People like to put things into less-then-perfect, but convenient, boxes. It helps us make sense of the world by taking large, disparate pieces of information and grouping them into more digestible bites.
This tendency may work reasonably well for food, wine or movies. When it comes to establishing prices for orphan drugs for rare diseases, well … not so much.
Drug prices are a growing source of frustration, concern and debate for all players involved in our healthcare system. Too often, reimbursement is determined by players removed from the front lines of treating patients. In theory, decisions that determine access to new therapies are based on an analysis of clinical benefits and cost-effectiveness compared with the current standard of care.
Unfortunately, when payers try to get their hands – and wallets – around the rising cost of prescription drugs, they may make generalizations that fail to take into account the specific needs of patient communities and the potential long-term benefits of new therapies.
This is especially true for orphan drugs intended to treat rare diseases, where the latest treatments such as gene therapy may cost upwards of $1 million per patient. There are valid reasons why these treatments are so expensive: they provide a one-time treatment for an extremely small patient population, they require significant upfront R&D investment costs, and the manufacturing process is complex and costly.
Often, these treatments do not fit the established framework for determining pricing and reimbursement. The traditional model does not consistently take into account important criteria like patient quality of life or the additional medical costs to the healthcare system associated with increased morbidity and mortality.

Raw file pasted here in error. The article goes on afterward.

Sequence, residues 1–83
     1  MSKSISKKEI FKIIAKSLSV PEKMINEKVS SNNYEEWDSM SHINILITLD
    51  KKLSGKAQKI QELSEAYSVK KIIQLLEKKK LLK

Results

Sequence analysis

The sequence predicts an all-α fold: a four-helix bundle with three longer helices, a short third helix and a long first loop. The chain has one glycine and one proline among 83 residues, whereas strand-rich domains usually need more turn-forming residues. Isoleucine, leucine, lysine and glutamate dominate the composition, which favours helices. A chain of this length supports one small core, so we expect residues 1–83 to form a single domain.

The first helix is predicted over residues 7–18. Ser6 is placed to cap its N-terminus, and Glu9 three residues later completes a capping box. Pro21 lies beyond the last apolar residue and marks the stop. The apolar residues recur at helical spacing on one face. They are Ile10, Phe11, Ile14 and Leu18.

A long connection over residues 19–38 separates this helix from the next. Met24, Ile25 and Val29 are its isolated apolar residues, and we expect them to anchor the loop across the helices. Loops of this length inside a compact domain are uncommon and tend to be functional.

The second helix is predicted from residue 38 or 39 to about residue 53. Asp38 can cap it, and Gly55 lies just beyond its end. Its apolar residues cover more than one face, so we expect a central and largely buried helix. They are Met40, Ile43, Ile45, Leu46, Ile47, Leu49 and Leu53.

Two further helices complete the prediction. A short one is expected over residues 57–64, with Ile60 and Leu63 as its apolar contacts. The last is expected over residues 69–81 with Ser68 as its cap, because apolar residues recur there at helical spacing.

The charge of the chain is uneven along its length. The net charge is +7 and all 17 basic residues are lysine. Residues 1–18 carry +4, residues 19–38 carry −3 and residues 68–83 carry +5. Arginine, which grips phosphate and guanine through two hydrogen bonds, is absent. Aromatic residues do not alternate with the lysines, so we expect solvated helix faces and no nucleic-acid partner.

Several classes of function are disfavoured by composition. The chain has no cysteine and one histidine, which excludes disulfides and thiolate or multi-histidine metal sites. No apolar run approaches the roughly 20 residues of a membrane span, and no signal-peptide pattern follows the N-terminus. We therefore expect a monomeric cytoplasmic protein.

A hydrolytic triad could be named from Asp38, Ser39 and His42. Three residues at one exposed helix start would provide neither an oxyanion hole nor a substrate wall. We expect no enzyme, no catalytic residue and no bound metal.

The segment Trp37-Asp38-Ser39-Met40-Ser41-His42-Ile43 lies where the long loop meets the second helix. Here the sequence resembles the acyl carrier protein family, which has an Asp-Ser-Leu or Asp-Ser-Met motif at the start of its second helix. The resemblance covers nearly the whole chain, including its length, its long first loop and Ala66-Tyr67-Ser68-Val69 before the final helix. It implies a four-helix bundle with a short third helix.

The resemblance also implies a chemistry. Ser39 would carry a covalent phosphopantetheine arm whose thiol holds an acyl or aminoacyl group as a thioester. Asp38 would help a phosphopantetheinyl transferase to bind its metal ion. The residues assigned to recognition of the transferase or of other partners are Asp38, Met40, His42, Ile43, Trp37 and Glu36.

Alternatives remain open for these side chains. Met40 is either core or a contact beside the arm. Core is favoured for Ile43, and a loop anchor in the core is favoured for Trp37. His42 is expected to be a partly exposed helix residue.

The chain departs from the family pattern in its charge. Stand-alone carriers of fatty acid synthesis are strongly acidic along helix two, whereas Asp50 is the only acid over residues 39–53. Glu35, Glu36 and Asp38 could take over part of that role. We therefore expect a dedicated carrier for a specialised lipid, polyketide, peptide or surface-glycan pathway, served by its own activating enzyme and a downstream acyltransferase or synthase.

Likewise, it may not take into consideration the benefits of restored health: effective treatment makes it possible for patients to be more productive and contribute more to their families, communities and society. There has to be a better, more holistic way of gauging the full value of a drug, setting a fair price, and ensuring access for all patients who can benefit.
With this goal in mind, the trade organization BioNJ recently hosted a conference titled, Beyond Value Frameworks: Defining the Value of Medical Innovation. Industry experts explored tools to define value, including data technologies to analyze real-world evidence to precisely predict which patients will benefit the most from specific therapies. This information could then be used to maximize patients’ ability to gain access to these treatments.
Presenters also offered concepts for defining patient-centered measures of value. Some of these focused on longer-term clinical benefits to the patient and healthcare system through overall cost savings of treatment and increased productivity.
At a time when too many people with rare diseases live without access to an effective treatment, it’s encouraging to see experts working together to flex the system to fit the disease. When we avoid trying to shoehorn rare diseases into the current reimbursement system, everyone wins.